Oliver Stone: Russia Gets a Bad Rap
The Oscar-winning director of ‘Snowden’ opens up about allegations of Russian hacking against the U.S., ‘evil Hillary,’ and how Obama can prove he’s ‘human’ by pardoning Snowden.
ZURICH — Oliver Stone knows how to wind a woman up.
Just ask Laura Poitras, whose Oscar-winning documentary about NSA whistleblower Edward Snowden, Citizenfour, came out two years ago to an Oscar win and critical raves while Stone’s new $40 million biopic Snowden, starring Joseph Gordon-Levitt, has gotten mixed reviews and been bested by Sully and Bridget Jones’ Baby at the box office.
Poitras told The New York Times that Stone flew to see her in Berlin in 2014 to ask her to delay her film until his came out. When she declined, he reached over and in a “sort of joking way” pretended to strangle her, she said. (Stone later denied it.)
Cut to the release of Snowden last week. Melissa Leo, 56, plays the still fresh-faced Poitras, who is 52. Yet Leo is lit and styled so badly in the film that she looks 10 years older than either herself in real life or Poitras.
On the eve of the high-stakes presidential debate in the U.S., Stone, 70, is seated alone, like a restive pasha, in a chair at the far side of the football field-sized lawn at the Hotel Baur au Lac overlooking shimmering Lake Zurich.
It’s the same place Richard Wagner read his The Ring in public in 1853. But today it resembles a scene out of a 1970s thriller like Three Days of the Condor, where tension and danger lie just under the pastoral surface.
Stone is here for the Zurich Film Festival after screening a movie that tells the world that cyber-surveillance isn’t about terrorism at all but about “economic and global control.”
The Oscar-winning filmmaker said at the festival’s summit last Saturday that making Snowden, which was turned down by most of the major studios, was a “desperate nail-clinging fucking venture, there’s as much drama in [making Snowden] as there is in the film itself.”
But the film’s release coincided with The Washington Post, recipient of a Pulitzer for stories based on information Snowden gave them, saying he shouldn’t be pardoned.
Nor is there much indication that the general public or the presidential candidates are heeding Snowden’s warnings about the consequences of mass surveillance. One of the best things about Snowden is showing how chilling they can be. In one scene, Gordon-Levitt instructs his girlfriend, played by Shailene Woodley, to put a Band-Aid over her laptop camera because it can be so easily accessed.
Maybe the absence of drama following the release of Snowden is why Stone’s studio entourage, ostensibly there to herd reporters, instead roams the hotel grounds like a counterintelligence detail sweeping the place for spies.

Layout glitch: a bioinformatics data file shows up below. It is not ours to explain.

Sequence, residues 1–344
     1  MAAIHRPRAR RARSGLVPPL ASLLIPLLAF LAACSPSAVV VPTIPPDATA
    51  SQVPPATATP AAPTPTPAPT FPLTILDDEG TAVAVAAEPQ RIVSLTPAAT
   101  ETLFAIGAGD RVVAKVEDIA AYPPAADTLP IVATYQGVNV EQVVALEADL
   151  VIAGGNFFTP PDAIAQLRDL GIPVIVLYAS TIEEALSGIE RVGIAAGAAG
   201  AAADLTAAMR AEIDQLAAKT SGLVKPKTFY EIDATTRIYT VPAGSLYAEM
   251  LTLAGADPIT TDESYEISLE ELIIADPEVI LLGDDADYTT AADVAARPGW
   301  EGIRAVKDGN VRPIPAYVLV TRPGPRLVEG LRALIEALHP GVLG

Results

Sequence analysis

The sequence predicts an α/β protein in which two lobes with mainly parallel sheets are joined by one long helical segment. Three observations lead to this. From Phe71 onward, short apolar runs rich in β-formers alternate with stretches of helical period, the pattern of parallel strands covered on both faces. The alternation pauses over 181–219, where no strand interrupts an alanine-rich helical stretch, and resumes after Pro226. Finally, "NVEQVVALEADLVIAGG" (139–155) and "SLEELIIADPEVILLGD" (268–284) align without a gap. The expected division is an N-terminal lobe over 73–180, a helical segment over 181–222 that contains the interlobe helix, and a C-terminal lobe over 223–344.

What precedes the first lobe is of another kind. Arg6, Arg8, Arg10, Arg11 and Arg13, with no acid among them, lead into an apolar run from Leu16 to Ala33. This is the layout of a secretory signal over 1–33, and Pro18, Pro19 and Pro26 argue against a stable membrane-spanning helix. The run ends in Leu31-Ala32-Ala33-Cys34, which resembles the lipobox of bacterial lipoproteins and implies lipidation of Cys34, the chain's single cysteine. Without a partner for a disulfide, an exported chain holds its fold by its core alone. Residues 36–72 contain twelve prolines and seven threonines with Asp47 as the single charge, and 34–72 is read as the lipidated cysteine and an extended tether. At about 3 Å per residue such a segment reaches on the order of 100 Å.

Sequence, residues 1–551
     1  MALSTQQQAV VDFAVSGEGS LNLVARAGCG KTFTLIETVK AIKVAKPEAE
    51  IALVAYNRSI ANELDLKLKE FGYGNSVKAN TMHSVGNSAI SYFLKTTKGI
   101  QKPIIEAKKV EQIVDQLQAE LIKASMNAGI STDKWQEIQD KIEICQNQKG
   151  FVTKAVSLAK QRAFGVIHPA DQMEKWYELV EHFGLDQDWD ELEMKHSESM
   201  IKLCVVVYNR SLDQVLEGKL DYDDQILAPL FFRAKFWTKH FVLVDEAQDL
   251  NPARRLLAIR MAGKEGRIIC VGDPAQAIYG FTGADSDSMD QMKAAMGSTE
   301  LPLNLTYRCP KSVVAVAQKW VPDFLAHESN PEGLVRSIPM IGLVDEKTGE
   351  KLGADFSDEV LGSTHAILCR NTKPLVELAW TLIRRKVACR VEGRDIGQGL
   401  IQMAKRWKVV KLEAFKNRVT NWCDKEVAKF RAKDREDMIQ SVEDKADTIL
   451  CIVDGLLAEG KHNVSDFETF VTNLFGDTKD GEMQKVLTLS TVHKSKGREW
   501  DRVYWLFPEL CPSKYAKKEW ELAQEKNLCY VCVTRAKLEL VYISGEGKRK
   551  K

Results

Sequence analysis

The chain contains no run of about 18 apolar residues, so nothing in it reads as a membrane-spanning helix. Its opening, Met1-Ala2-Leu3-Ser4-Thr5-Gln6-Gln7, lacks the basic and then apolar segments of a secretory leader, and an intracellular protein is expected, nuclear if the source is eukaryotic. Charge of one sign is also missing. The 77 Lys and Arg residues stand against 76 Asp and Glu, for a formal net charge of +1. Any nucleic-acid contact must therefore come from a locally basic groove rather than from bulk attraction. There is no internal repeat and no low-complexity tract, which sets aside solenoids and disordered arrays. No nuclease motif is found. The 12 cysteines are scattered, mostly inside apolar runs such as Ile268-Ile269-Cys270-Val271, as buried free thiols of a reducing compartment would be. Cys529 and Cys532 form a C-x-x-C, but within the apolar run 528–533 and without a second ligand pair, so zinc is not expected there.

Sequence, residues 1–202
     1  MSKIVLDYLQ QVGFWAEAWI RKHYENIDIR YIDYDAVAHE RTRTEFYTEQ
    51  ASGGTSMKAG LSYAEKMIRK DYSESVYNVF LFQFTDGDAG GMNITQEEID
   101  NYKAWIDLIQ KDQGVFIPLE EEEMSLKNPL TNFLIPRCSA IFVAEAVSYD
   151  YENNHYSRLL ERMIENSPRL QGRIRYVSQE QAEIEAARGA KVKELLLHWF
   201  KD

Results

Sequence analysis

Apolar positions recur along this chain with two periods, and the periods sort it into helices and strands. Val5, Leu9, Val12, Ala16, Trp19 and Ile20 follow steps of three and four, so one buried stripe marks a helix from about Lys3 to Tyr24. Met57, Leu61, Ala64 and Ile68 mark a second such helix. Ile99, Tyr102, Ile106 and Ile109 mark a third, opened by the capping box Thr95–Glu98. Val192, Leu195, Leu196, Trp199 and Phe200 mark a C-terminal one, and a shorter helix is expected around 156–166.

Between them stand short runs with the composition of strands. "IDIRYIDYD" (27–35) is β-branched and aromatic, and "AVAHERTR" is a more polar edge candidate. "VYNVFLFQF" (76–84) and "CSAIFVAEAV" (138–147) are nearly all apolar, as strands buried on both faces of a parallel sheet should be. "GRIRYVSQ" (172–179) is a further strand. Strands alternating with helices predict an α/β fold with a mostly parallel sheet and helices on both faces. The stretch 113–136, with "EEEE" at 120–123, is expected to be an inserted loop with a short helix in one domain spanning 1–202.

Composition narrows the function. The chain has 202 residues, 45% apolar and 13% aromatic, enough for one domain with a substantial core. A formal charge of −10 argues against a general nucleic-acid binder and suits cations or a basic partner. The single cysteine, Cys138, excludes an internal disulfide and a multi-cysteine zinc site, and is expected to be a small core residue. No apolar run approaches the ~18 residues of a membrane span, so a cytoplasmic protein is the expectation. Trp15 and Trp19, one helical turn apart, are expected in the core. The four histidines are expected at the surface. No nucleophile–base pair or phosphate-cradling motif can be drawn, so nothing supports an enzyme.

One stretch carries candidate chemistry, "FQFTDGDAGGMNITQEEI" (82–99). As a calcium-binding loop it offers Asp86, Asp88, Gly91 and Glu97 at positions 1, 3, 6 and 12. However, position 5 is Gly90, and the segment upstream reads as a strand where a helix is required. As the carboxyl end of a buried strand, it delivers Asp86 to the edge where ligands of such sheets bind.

One of them abruptly comes over to me. I’ve been waiting on the lawn to speak to Stone as scheduled in advance.
“What?” I say. “You’re kidding, right?”
“It’s Mr. Stone,” the publicist said. “He doesn’t know what The Daily Beast is and he needs to know how many readers you have before he decides to do the interview.”
“I’ll send you the URL from Wikipedia,” I said, already annoyed and rising to the bait. “Are you telling me he might blow off this interview?”
“He might,” said the publicist. “He’s pretty tired. But I’ll do my best.”
Several minutes later, without further explanation, I’m escorted on the long walk across the lawn to Stone. It’s true. He did look tired.
But after that? We might as well have both been back on the grassy knoll in JFK, because the conspiracy theories Stone is so famous for in his films were already flying in regards to what just transpired—and we hadn’t even gotten to Snowden, Trump, Clinton, Obama, or the NSA yet.
Also, I was told I had only six minutes.
“I understand you’ve never heard of The Daily Beast,” I began.
“Oh, no, of course I know it very well,” said Stone.
“So why did your guy tell me you didn’t know what it was and because of that you might not talk to me?”
“I’m not sure what you’re talking about,” said Stone, looking aggrieved before launching into a lengthy synopsis of a film I told him I’d seen and liked very much.
“It was very complicated to get this down accurately,” said Stone of the movie, which ends with a scene of the real Snowden shot in a dacha outside Moscow where Snowden has been living since fleeing Hong Kong in 2013.